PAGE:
So, I’ve been thinking about this for a while and something on one of the stupid message boards I frequent prompted me to go all out and do this right. I’ll probably be bouncing around like a madman, unless Tara can somehow put this together in a sensible manner.Too often I hear about how pop punk radio bands are killing punk rock, and I agreed with it to a large extent for a while. Then I thought about it, like actually gave it some real thought as opposed to just going “they’re dragging the word punk through the mud.” Thinking about what punk means to me, what it’s down points are, and what strengths it has maintained since its inception.In this I’m going to be saying “Punk is this” or “Punk is that,” I’m not claiming that this is some form of absolute, or that what my definitions are, are the only ones. This is simply my point of view on the matter. My opinions are ones that I”ve formed in the 9 years that I”ve been involved in it, and have changed greatly in the last year or years, whatever. Don’t come to me complaining about how punk is really something other than what I’m going to state it is. If you don’t agree with something that I say it is fine, like I said, this isn’t some dogma stating what punk is, or what you have to believe to be punk. The following are my opinions on the current state of punk rock, hardcore, pop punk and all things that fall under the umbrella that is the punk scene. It’s nothing more, nothing less. One person who considers themselves a punk, and has always felt a deep attachment to the “scene”.
Punk is and always has been something in a state of constant evolution, bands change, the music changes, the specifics of the counter-cultural and revolutionary portions of it change, but it has always strived to make the world a better place. Through raising political awareness to changing social opinions on acceptable fashion, punk has always tried to make an impact on the society that surrounds it.
Since punk first came about, it’s always been a place for people who don’t fit in with their peers. This was a place where people can go to be themselves without fear of retribution for being different. Or at least, that’s what it was supposed to be. The fact that the punk scene is so filled with conformists and fashion police is repulsive. When I first got into the scene, it was a place where I could go and find people who thought along the same lines that I did, that weren’t going to pick fights with me for dressing differently, for speaking my mind, or for listening to weird music. It was what it claimed to be. It was a place where I could go and feel like I wasn’t wrong.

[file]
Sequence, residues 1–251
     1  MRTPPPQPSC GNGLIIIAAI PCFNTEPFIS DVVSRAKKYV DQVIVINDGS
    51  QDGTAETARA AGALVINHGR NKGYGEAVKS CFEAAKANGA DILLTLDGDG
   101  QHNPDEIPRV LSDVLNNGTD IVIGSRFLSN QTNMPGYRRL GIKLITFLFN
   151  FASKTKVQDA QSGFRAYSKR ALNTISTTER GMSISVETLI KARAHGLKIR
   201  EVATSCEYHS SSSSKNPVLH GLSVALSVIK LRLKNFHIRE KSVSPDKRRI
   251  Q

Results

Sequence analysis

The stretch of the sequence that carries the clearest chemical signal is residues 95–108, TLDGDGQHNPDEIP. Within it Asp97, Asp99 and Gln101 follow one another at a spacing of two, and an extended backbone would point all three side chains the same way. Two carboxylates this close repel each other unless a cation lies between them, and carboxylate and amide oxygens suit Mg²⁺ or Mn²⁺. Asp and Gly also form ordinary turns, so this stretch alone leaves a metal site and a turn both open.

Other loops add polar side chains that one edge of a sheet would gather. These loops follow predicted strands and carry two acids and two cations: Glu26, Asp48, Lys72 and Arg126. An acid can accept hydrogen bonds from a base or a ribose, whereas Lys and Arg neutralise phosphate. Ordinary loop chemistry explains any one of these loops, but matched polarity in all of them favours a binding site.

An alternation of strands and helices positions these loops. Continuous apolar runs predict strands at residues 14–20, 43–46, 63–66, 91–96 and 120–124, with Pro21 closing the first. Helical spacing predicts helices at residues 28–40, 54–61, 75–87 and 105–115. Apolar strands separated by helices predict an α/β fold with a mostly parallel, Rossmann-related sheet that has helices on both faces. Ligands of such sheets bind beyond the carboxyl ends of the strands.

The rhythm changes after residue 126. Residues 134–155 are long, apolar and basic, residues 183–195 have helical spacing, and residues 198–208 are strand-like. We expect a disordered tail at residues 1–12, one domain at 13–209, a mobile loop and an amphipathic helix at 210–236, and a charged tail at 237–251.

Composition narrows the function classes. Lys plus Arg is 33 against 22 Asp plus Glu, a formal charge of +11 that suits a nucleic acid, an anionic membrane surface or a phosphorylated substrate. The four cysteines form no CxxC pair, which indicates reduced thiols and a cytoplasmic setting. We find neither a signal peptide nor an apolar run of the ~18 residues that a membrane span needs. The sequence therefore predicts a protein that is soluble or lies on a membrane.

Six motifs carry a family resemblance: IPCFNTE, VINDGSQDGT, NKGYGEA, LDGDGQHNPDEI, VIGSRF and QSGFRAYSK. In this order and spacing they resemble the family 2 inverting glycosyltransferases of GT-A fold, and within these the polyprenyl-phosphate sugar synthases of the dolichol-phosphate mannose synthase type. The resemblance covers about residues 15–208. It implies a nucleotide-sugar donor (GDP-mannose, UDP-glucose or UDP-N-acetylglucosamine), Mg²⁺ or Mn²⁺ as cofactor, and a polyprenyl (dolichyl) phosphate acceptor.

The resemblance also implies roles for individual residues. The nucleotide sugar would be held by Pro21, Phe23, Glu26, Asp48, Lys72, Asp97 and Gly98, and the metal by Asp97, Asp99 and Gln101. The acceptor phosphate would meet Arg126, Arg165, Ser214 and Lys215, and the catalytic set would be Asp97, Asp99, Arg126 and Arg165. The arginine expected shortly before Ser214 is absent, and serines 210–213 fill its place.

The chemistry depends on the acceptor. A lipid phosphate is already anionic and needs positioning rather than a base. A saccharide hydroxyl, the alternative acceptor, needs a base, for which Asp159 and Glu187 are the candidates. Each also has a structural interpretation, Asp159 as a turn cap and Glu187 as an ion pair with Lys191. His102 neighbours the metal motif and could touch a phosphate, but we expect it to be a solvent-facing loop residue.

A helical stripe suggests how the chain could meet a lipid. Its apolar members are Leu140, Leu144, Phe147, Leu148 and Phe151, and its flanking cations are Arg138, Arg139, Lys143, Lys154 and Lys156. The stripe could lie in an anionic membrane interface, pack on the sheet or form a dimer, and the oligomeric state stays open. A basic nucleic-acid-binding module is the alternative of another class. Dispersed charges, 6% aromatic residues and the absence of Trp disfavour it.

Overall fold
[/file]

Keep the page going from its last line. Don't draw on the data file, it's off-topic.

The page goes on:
After a few years of being involved in it I began hanging out with older punks, who began to tell me what punk was and like any other idiot kid wanting to be accepted by the cool kids, I fell in line and became what they wanted me to be. I was just another asshole who thought that if you didn’t act like one of us, you were some idiot poseur kid who wouldn’t know punk if it came up to him and spat in his face whilst chanting “Oi! Oi! Fuck the system!!” I was just another conformist in a scene that prided itself on being anti-conformist and anti-society.
This kind of shit is what is killing punk rock. Not the fact that the popular music media has decreed that bands like Blink 182 or Sum 41 are punk. The idea that mainstream pop music has such a large effect on a subculture, whose roots are supposedly anti society, is preposterous. The concept that anyone within the punk scene who is actually devoted to it as more than just a thing to do for a summer would consider mainstream media’s ideas of what is or is not punk rock is unbelievable. Why anyone thinks that it’s a threat to our way of life, or whatever, is beyond me. I see no way that it’s killing punk in any way, shape or form. It’s completely independent of the punk scene. How can it have an effect on it?
People that are not within the culture have always had fucked up views about what punk rock is, and will continue to do so, as long as there is punk rock. The media will continue to attempt to create the misconception that punk rock is a bunch of people who are pissed off for no reason and choose to take it out on the world by dressing funny. Or it will attempt to comercialise it and present it as nothing more than bubblegum for the masses. Another happy genre of radio friendly shit.
Anyone who’s involved within the punk scene can quite easily dismiss both of those claims as baseless due to the fact that we do have something to be pissed off about and that there is an inherent threat behind punk to society.
The only threat to punk comes from within itself. Years of fashion outshining the message behind the music is what’s killing punk. The bands that so many punks flock to are the ones that are aiding its demise.